Part 2 - Strongly agree

10


Royal Banking Commission (II) - February 2019

Poll 35

"There is no way to significantly increase the degree to which Australian retail banks act in the interests of consumers."

 

Strongly disagree

9

It is a matter of changing the business culture first by making it easier to punish banks who clearly violate codes of ethics and integrity. Second by making the senior management more accountable for the incentives they create in their organisation and the conduct of their employees.


Congestion pricing - November 2018

 

Strongly agree

10

Price is a better rationing device for these types of commercial goods and services.


Motherhood, caring and the careers of Australian women - April 2019

Poll 37

Proposition 1: "Without changes to existing public policy or private sector practice in Australia, motherhood will always negatively affect a woman's career."

Proposition 2: "In Australia, fathers are more restricted than mothers in fulfilling a caring role while in employment."

 

Part 1 - Agree

10

Fathers who take time out of their careers to care for young children (or other family members) often do not receive respect at workplaces from their male peers. The default position should be that both parents take some energy from their careers while they have young children rather than the other way around. Workplaces can encourage this by offering parents who resume full-time (full energy) work, additional opportunities to advance their career. The tradition of the macho man who works like a machine for 40 years, often relying on their wife to keep the household together, should die out. Its not healthy for themselves, their partners or their children.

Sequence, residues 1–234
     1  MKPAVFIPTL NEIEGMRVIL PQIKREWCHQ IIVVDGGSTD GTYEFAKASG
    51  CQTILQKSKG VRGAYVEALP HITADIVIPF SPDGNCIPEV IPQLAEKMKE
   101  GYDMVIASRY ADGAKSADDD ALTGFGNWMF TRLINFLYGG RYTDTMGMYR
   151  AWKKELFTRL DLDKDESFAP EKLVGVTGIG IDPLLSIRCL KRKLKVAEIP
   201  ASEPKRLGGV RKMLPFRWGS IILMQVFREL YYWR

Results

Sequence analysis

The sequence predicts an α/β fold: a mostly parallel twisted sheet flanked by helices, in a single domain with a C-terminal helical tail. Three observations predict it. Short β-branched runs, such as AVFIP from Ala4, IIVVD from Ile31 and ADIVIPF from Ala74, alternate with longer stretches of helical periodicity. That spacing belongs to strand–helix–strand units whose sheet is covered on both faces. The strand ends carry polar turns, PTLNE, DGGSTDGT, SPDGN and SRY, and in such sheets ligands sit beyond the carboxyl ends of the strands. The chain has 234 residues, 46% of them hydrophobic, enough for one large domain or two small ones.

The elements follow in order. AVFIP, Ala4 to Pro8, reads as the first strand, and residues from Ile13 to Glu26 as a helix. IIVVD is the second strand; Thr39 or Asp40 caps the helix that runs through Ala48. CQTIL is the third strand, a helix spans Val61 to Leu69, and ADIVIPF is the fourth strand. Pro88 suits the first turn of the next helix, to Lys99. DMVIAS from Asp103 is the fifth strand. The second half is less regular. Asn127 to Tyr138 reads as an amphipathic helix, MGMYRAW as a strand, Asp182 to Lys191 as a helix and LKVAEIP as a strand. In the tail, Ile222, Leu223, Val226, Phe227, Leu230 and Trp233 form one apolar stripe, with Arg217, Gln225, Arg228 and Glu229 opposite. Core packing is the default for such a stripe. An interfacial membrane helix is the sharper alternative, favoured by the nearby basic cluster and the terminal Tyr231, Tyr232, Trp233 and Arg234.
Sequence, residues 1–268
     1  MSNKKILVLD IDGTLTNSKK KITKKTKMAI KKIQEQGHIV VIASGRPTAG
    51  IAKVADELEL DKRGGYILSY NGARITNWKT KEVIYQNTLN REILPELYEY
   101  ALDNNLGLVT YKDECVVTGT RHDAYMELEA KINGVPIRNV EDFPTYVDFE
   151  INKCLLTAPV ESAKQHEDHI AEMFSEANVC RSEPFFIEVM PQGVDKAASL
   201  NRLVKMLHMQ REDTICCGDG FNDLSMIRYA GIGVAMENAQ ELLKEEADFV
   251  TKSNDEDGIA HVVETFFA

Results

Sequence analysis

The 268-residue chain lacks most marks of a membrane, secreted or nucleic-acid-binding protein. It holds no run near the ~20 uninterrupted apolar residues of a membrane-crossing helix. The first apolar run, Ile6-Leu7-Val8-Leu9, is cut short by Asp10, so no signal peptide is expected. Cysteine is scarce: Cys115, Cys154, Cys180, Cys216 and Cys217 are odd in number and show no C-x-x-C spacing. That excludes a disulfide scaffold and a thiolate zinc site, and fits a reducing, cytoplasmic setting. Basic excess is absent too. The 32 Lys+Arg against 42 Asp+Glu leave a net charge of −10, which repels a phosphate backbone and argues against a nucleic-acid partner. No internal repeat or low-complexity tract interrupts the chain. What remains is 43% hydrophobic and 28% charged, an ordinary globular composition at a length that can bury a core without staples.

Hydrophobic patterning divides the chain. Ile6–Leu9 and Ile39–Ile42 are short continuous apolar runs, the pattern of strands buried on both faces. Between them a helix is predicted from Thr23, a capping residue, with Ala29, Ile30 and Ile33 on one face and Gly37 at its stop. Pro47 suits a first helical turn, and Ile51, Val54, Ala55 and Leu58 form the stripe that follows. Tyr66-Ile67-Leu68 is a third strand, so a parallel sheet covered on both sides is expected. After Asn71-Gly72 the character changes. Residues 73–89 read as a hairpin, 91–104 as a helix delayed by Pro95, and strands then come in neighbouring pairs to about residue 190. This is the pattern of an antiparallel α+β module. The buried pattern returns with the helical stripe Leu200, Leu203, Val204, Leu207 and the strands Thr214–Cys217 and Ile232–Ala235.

Part 2 - Strongly agree

10


Sugar sweetened beverage tax for Australia - July 2018

Poll 31

Proposition 1: "The best economic policy instrument available to policy makers seeking to address obesity and related health issues in Australia is the introduction of a tax on sugar sweetened beverages (SSBs)."

Proposition 2: "The health and non-health benefits from a tax on SSBs are likely to outweigh the possible costs felt elsewhere in the economy."

 

1 - Agree

2 - Strongly agree